1959 Jensen 541R
Jensen began as a small coachbuilding firm run by brothers Richard and Allan Jensen; they bought out the body works of W.J. Smiths & Sons where they worked after the owner’s death and renamed it Jensen Motors in 1934. They built exclusive customised bodies for standard cars produced by several manufacturers of the day including Morris, Singer, Standard and Wolseley. In 1934 they were commissioned by American film actor Clark Gable to design and build a car for him based on a Ford V-8 chassis. The resultant car won them much acclaim and stimulated huge interest in their work including a deal with Ford to produce a run of Jensen ords with Jensen bodywork on a Ford chassis. In 1934 they also started to design their first true production car under the name White Lady. This evolved into the Jensen S Type which went into production in 1935.
1938 Jensen 3.5 litre
Production of cars ceased over the war years, but by 1946 a new vehicle was offered, the Jensen PW a luxury saloon). Few were produced since raw materials were still in short supply. Also in 1946 body designer Eric Neale joined the company from Wolseley and his first project was the more modern coupe which followed in 1950, named the Interceptor, which was built until 1957. In 1955, Jensen started production of Neale’s masterpiece, the 541, which used the then-revolutionary material of fibreglass for its bodywork. The 541 was replaced by another Neale design, the CV8 in 1962, which replaced the Austin-sourced stright 6 of the previous cars with a 6 litre American Chrysler V8. This large engine in such a lightweight car made the Jensen one of the fastest four-seaters of the time.
For its replacement, the Interceptor (launched in 1966), Jensen turned to the Italian coachbuilder, Carrozzeria Touring, for the body design, and to steel for the material. The bodyshells themselves were built by Vignale of Italy and later by Jensen. The same 383 cu in (6.3 L) Chrysler wedge-head powerplant was used in the earlier cars with the later cars moving to the 440 cu in (7.2 L) in engine. The Interceptor was offered in fastback, convertible and (rare) coupé versions. The fastback was by far the most popular with its large, curving wrap-around rear window that doubled as a tailgate.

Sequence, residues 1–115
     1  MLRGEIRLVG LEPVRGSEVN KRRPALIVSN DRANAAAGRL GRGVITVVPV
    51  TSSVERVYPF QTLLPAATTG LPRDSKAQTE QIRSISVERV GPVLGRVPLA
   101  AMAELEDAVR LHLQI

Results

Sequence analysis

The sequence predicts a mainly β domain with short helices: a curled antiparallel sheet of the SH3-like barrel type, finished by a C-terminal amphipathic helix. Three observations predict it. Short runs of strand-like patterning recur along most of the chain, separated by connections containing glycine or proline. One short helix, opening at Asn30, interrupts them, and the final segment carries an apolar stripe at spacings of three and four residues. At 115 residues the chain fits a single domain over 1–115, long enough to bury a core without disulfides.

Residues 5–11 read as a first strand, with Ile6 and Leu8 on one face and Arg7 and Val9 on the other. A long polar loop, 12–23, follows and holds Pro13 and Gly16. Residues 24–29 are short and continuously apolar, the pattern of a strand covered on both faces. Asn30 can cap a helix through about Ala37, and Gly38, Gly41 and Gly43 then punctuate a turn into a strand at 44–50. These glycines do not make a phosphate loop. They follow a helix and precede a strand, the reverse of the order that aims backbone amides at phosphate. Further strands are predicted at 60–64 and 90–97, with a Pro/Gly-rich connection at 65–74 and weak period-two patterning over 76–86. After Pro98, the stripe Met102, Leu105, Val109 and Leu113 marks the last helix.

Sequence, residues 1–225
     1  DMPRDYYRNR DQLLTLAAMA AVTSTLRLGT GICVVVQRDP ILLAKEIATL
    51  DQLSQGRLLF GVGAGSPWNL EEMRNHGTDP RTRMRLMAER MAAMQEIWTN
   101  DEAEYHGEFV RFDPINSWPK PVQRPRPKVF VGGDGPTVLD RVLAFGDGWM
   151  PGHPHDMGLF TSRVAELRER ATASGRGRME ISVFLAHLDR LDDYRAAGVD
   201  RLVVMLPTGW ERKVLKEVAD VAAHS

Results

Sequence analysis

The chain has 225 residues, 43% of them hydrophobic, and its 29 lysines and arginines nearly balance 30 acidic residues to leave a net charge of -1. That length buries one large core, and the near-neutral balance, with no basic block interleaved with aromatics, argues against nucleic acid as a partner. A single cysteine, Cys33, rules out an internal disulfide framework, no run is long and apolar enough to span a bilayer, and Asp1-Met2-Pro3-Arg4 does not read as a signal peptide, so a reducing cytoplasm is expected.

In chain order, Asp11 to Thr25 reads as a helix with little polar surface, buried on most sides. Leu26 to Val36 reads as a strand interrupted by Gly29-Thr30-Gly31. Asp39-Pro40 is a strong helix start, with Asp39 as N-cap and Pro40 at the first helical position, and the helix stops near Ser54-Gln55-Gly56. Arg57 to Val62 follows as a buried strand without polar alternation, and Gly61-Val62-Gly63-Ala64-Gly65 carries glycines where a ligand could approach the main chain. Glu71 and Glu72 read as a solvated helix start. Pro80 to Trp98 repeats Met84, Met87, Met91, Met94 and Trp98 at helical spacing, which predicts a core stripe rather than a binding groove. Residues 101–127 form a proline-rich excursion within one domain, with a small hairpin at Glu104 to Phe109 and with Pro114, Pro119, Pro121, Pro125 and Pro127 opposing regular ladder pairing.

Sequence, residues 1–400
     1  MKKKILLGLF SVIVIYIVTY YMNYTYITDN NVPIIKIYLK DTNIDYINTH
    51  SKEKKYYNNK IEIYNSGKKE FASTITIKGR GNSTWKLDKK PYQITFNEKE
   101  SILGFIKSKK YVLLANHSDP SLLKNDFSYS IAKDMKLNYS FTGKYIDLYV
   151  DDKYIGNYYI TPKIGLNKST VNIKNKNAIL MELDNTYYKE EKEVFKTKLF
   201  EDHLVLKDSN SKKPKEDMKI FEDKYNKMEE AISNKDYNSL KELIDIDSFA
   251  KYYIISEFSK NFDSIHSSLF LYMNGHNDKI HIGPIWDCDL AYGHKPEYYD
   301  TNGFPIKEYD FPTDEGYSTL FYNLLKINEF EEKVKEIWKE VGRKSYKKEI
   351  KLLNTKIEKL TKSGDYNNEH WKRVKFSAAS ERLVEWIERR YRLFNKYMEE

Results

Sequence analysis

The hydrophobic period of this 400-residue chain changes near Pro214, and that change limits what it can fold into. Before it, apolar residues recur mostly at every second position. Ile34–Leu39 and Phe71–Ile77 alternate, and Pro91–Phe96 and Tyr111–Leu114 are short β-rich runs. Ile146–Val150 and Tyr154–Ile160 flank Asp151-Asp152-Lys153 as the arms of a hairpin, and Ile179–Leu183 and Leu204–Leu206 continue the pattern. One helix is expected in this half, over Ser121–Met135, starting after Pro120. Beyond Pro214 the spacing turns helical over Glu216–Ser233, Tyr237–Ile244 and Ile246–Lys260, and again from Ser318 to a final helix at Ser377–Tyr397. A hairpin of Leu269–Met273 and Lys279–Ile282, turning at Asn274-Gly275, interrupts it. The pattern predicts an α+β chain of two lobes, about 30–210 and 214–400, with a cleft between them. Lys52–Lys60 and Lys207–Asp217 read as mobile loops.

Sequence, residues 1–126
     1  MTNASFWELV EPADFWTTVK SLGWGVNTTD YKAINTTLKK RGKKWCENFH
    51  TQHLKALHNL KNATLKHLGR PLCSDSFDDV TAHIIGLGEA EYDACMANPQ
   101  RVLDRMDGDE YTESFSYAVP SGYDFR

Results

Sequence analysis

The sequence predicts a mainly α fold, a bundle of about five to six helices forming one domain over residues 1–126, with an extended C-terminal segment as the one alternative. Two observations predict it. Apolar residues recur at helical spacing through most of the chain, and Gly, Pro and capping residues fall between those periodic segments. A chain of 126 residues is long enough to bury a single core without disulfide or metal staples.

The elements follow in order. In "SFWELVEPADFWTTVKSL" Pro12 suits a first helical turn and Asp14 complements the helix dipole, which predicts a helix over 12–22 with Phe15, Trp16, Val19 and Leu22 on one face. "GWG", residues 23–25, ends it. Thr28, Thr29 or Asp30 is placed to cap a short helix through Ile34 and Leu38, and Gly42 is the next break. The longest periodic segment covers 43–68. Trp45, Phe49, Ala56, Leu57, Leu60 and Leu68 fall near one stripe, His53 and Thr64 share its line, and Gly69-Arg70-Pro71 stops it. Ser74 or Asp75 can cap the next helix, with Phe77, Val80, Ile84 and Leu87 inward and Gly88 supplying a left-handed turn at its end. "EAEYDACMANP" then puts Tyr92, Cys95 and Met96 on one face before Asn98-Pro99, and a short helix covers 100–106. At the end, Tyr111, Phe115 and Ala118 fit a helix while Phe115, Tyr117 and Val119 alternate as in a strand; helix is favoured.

1965 Jensen CV8
Related to the Interceptor was another car, the Jensen FF, the letters standing for Ferguson Formula, Fergusson Research being the inventor of the full-time all wheel drive system adopted, the first on a production sports car. Also featured was the Dunlop Maxaret anti lock braking system in one of the first uses of ABS in a production car. Outwardly, the only differences from the Interceptor were four extra inches of length (all ahead of the windscreen) and a second row of air vents behind the front wheels. The small number of 320 FFs were constructed, and production ceased in 1971.
1970 Jensen FF
Jensen was also involved in the production of the following:
Austin A40 Sports (over 4000 manufactured from 1951-1953)
Austin Healey 100 (built the bodies between 1952 to 1966)
Volvo P1800 Coupe
Keith Anderson (1998). Jensen & Jensen-Healey. Sutton Publishing.